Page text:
Google entices Windows XP business refugees with ChromeBook offers


samsung chromebook 2 6

Windows XP is officially dead, folks, with Microsoft officially closing the books on support from here on out. With that, businesses might find themselves scrambling to find a solution to get them into the 21st century. The natural thing would be to go with Windows 7 or 8, but Google wants folks to consider another option.

They’re extending an olive branch to those willing to try something new — Chromebooks. From now until June 30th, your company can get $100 for each Chromebook they buy through the Chromebooks for Business initiative. Need VMWare DaaS for all your desktop apps? You can get $200. And if you throw in Citrix XenApp Platinum Addition, you’ll get that for 25% off normal cost.

Google contends that Chromebooks are ready for enterprise thanks to the advent of offline office apps, virtual machine emulation and more. If you’re interested you can try convincing your IT department that this is the way to go, though we wouldn’t be surprised to learn that most admins would rather stick to more familiar footing. Find out more at the source link.

[via Google]

Quentyn Kennemer
The "Google Phone" sounded too awesome to pass up, so I bought a G1. The rest is history. And yes, I know my name isn't Wilson.

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  1. Do we really think Chromebooks are ready for enterprise or nah?

    1. They actually are if your enterprise already has the necessary server infrastructure in place to support thin clients. But if it can, then chances are you don’t care about the XP sunset.

      If it can’t, then it’s likely going to be just as expensive to change your infrastructure to support chromebooks as it would be to update your antiquated software.

    2. The question is not “are Chromebooks ready for the enterprise”, the question is “are businesses ready to leave behind the familiarity of Microsoft platforms and software”. The answer is most likely no. The best way to adopt Chromebooks is to buy into cloud computing wholeheartedly and replace Microsoft Office with Google Drive and GMail.

  2. Something tells me that the antiquated software that a lot of businesses run won’t run on one of these. I’m not even sure a Chromebook would run my needed peripherals. Wish it would though.

    1. That and now you’re asking a bunch of people who are the constant butts of jokes about technology to learn what will be an all new platform to them. I’m sure IT will “LOVE” this.

    2. Well, their argument is that you can simply use these as thin clients to connect to a server cluster that runs all their antiquated software.

      The problem with that argument is that it’s incredibly expensive to build out that infrastructure if you don’t already have it. And if companies don’t want to spend the money to update their antiquated software, then why would they want to spend the money to change their infrastructure to support thin clients?

  3. Why don’t they extend this offer to all xp users. I bet a lot of individual (like me) will give it a shot.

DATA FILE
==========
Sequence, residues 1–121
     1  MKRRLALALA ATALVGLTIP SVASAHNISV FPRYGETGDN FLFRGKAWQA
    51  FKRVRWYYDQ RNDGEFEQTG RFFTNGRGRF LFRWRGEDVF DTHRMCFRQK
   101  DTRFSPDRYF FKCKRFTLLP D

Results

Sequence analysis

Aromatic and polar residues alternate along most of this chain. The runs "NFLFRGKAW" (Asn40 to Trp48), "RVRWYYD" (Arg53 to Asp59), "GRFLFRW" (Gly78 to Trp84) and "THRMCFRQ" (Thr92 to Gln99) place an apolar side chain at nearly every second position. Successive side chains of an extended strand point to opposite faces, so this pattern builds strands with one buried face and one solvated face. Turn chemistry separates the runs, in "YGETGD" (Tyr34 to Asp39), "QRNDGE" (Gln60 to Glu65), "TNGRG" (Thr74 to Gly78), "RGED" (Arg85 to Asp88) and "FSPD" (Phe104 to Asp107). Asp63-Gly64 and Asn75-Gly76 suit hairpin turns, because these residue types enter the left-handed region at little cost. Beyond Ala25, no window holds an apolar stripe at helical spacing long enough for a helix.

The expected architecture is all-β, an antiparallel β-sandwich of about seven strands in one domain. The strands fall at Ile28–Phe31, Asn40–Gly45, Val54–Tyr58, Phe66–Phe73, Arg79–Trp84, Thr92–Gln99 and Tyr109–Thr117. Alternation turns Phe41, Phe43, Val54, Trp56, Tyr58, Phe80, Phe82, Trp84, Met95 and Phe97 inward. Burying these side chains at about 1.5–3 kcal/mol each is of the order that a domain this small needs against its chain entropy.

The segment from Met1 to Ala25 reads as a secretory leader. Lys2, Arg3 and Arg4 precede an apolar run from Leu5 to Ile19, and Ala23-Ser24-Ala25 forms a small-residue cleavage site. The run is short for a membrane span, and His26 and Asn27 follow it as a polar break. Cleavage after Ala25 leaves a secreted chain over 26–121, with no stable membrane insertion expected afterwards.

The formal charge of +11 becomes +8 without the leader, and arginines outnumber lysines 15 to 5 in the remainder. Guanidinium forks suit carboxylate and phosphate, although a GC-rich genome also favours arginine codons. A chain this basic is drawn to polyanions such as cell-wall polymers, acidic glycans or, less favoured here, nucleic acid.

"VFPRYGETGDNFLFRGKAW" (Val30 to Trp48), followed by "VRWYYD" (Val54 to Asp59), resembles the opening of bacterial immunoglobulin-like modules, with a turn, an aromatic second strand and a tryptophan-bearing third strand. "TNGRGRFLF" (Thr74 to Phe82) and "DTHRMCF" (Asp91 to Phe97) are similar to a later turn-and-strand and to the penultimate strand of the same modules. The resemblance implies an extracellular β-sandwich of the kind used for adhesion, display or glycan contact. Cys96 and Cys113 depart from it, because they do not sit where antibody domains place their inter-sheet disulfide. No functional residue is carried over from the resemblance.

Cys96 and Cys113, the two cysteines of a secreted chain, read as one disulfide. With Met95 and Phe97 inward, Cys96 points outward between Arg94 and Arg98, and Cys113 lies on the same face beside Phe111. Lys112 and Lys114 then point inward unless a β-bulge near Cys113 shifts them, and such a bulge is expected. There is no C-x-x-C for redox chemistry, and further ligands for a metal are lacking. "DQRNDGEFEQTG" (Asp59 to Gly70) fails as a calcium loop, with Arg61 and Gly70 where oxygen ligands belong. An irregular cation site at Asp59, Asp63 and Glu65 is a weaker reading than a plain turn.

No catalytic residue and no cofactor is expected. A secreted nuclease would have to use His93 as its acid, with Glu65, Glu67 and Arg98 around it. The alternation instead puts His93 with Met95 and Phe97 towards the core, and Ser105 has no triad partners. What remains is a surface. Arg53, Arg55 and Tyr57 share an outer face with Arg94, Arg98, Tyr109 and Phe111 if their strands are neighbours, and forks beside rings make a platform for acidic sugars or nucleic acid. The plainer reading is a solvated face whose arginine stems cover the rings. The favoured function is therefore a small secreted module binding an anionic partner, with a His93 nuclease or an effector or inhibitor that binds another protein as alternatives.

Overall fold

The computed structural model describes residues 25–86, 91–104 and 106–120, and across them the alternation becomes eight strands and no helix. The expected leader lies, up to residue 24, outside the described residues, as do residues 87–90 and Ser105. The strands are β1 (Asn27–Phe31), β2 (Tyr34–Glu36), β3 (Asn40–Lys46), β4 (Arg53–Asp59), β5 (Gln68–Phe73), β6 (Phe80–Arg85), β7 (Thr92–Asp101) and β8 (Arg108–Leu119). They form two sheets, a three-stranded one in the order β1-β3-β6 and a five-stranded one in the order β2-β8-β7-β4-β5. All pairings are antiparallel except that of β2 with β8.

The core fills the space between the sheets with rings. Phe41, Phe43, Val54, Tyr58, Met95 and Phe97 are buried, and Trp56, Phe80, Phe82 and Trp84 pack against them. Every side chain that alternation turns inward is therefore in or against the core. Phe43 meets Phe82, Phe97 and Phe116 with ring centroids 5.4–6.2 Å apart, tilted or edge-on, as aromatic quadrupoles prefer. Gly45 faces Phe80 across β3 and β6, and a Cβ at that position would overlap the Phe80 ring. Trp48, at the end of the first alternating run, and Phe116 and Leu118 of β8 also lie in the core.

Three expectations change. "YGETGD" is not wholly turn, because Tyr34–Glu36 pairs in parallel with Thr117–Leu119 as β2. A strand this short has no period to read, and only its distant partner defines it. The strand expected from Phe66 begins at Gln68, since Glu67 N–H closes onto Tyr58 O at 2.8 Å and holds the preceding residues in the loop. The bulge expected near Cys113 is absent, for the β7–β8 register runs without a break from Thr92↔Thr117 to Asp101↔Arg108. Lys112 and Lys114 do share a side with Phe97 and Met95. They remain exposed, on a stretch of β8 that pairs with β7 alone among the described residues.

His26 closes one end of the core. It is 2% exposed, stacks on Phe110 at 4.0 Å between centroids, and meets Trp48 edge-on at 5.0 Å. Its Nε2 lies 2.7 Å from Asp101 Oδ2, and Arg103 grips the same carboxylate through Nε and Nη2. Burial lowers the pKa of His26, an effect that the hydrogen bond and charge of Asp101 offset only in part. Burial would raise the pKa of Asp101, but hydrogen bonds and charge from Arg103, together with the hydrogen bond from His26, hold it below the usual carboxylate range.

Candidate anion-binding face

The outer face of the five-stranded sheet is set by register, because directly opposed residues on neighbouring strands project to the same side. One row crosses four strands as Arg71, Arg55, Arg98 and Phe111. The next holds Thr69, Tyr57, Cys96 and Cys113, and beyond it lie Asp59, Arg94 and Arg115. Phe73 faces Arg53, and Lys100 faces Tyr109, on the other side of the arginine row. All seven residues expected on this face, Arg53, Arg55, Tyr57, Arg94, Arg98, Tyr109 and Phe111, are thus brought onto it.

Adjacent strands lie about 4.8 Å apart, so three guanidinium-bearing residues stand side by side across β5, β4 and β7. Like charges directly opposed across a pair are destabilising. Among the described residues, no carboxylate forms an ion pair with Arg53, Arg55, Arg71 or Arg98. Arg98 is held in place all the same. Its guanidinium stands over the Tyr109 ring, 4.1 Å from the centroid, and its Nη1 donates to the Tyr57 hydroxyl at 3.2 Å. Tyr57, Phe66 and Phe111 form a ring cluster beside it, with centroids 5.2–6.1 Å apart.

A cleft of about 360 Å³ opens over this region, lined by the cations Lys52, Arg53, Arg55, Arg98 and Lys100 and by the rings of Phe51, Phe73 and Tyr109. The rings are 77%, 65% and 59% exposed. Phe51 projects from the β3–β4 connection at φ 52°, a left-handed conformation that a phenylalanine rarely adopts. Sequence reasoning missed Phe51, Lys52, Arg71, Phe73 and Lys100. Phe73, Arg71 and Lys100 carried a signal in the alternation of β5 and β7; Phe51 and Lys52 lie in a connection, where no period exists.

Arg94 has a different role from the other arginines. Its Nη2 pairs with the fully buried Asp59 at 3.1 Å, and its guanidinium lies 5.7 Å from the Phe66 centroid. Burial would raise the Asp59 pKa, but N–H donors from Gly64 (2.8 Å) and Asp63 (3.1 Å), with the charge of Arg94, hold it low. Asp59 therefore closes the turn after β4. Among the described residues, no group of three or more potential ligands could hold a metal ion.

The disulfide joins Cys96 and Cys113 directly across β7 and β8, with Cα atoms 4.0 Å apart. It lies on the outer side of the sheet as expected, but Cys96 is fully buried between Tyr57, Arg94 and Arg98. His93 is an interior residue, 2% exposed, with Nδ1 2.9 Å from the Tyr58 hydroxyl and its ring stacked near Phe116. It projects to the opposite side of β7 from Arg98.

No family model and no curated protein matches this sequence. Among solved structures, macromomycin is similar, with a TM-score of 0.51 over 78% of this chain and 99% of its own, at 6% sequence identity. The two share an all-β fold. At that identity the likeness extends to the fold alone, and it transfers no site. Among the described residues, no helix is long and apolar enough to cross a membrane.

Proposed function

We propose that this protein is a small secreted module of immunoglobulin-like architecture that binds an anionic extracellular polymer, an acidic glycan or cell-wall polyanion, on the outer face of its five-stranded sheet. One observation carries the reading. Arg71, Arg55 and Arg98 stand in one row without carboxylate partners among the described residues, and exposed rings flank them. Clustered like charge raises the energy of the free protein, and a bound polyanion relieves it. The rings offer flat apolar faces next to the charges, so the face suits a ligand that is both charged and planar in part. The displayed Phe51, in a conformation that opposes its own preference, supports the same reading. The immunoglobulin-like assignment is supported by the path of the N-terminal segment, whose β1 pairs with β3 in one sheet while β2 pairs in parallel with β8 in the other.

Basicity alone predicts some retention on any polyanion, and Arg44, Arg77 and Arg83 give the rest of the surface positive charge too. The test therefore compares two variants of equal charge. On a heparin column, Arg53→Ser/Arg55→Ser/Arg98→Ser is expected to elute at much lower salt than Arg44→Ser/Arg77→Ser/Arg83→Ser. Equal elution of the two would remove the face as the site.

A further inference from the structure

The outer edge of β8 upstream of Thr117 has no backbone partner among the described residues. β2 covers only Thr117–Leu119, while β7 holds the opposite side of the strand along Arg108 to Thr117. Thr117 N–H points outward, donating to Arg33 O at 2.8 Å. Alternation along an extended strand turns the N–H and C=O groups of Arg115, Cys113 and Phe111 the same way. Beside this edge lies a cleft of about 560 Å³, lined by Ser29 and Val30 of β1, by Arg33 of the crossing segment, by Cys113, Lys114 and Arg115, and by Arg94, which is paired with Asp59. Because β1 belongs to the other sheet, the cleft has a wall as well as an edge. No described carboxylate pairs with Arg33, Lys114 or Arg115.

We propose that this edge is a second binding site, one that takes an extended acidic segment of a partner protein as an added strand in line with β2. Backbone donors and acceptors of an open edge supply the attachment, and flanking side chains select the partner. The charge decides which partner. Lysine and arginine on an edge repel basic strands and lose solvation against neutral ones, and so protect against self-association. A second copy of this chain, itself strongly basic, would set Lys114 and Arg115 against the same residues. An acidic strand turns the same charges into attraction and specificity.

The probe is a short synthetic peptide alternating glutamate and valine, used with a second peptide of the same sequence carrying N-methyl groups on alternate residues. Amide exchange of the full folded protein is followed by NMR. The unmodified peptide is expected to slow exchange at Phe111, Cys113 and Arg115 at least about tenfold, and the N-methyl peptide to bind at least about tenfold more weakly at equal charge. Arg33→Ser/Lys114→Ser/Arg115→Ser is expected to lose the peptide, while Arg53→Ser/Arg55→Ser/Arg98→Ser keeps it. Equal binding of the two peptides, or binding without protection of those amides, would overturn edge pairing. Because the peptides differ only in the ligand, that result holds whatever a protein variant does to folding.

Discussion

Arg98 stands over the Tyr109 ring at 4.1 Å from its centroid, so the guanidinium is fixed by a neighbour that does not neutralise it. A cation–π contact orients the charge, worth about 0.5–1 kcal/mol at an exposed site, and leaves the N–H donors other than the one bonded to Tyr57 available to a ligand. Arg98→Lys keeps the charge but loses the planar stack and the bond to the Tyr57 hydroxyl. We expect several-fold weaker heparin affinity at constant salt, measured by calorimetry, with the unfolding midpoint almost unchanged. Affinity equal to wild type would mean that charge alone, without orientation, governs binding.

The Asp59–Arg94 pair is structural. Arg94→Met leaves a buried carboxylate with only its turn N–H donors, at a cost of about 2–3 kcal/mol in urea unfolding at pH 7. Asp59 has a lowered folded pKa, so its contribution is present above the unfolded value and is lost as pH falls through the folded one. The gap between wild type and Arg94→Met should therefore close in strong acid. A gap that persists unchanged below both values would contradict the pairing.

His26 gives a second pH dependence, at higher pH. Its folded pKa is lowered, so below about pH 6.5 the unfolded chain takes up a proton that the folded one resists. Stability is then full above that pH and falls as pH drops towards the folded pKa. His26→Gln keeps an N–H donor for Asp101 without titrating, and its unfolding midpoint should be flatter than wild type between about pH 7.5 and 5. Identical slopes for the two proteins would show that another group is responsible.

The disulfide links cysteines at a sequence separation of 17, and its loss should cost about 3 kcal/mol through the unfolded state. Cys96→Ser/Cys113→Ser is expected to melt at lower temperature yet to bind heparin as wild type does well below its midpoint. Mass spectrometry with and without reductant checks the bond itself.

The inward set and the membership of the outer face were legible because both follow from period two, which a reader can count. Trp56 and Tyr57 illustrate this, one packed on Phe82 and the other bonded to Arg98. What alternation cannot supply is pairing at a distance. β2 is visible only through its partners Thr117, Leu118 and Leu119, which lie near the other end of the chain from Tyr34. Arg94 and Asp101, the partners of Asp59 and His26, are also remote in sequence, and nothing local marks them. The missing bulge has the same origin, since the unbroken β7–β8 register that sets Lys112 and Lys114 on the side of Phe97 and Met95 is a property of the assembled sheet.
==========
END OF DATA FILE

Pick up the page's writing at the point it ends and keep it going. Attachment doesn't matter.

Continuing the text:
1. Not the same offer, but… BestBuy is offering $100 for XP boxes, and it can be used on a wider range of machines. I’m told the $25 gift card is instant and can be applied to the purchase, so it’s a true immediate $100 credit.

  4. I know this is slightly unrelated, but I ditched an android tablet my mom had and bought her a Chromebook. Best decision I ever could have made for her.

    1. I would have done the same by now if I could plug in and print to a USB printer.

  5. It would be a big commitment but if google really wants to make chrome OS stay they should say we’ll support OS for X number of years, people always fear they’ll change direction and be left with a pile of outdated machines

  6. I love the idea of Chromebooks but in business it still makes sense to go Microsoft. It just works with everything out there

  7. Chromebooks are perfect if spend most of your computer time online (it does have offline capability for google docs and other aps). i bought one and would never consider going back to Microsoft.

  8. Also buying a Chromebook, looking for the right one.

  9. While Chrombooks are pretty slick, they won’t be able to get to the healthcare market (which is notorious for running antiquated hardware/software) because they refuse to accept liability in case of a HIPAA security breach.

  10. I work as a sysadmin myself. I dualbooted my chromebook with Linux. Its easy to remote into serviers and handle other various tasks. I don’t know if this would be a good option for my customers, but the chromebooks really are awesome. I own 3 other computers. A gaming laptop, a gaming desktop, and a valve steambox from their beta. The chromebook is a welcome addition to my computing fleet.

  11. Too bad the chromebook sucks when compared to an actual laptop, whats the point if it only works online and has such a small harddrive.

  12. I’ll stay with XP. Chromebook does not had a real hard drive I guess.

    1. SSD aren’t real hard drive to you? I think you meant to say it doesnt have enough storage, which it doesnt need since everything is on the cloud.

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